It is no surprise that the general population would agree that there are substantial concerns regarding the post-conviction release of sex offenders and their reintegration in society. The North Carolina General Assembly has attempted to address some of these issues with laws that impose special restrictions and requirements on convicted sex offenders. Some of these restrictions and requirements include housing restrictions, restrictions from entering upon school premises, law-enforcement reporting requirements, and even satellite base monitoring (SBM) in certain cases.
Under certain circumstances the SBM condition can exist for the lifetime of the convicted; particularly if convicted of statutory rape of a child by an adult, the offense was an aggravated offense, the offender has been classified as a sexually violent predator, or if the court determines that the offender is a recidivist having been convicted of another “reportable offense”. Once a court determines that an offender is a recidivist and subject to SBM, then they will be required to remain on SBM for life. However, should a court conduct a hearing and the court determine that an offender is not a recidivist then that decision is binding until the offender is convicted of another reportable offense. In that case, the court has jurisdiction to conduct further lifetime SBM hearings based on recidivism only if the offender is again convicted of a reportable offense.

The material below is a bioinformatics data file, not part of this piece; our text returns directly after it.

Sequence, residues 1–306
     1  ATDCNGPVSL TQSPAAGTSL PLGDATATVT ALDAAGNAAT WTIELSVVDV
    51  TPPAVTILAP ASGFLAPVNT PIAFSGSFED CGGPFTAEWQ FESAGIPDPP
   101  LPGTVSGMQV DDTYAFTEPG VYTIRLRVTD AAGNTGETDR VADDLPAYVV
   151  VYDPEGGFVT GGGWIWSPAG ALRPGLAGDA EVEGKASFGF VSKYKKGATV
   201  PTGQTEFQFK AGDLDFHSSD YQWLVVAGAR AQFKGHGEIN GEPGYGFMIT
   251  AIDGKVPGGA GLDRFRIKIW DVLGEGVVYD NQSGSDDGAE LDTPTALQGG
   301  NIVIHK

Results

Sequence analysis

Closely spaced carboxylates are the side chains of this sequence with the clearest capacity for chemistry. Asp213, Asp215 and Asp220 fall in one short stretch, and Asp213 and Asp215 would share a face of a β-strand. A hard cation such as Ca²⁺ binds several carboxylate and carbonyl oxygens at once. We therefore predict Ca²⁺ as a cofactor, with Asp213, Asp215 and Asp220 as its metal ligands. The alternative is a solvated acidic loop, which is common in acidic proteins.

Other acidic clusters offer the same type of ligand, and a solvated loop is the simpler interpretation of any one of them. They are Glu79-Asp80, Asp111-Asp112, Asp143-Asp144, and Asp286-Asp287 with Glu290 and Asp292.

Lifetime SBM raises certain constitutional concerns which are not addressed in the North Carolina General Statutes, and therefore all lifetime SBM hearings engage in a constitutional analysis separate and apart from the statutory requirements. Specifically, because courts have determined that SBM effectuates a continuous search within the meaning of the 4th Amendment to the United States Constitution, the state must show that the search is reasonable under the totality of the circumstances. This often involves considering the nature and purpose of the search (SBM), the extent to which it intrudes on the offender’s reasonable expectation of privacy, and balancing the public interest forwarded by imposing SBM on the particular offender.
SBM hearings may appear criminal in nature, but are not. SBM hearings are held during Criminal Sessions of Superior Court and SBM is always ordered pursuant to some underlying criminal offense. Indeed, it is the District Attorney’s office who represents the state’s interests during and the Department of Corrections, along with law enforcement are instrumental in formulating the petitions. However, our courts agree that SBM is neither punitive in nature nor does it function as part of the criminal justice system. Instead it is a civil regulatory scheme set out to forward the interest of the public.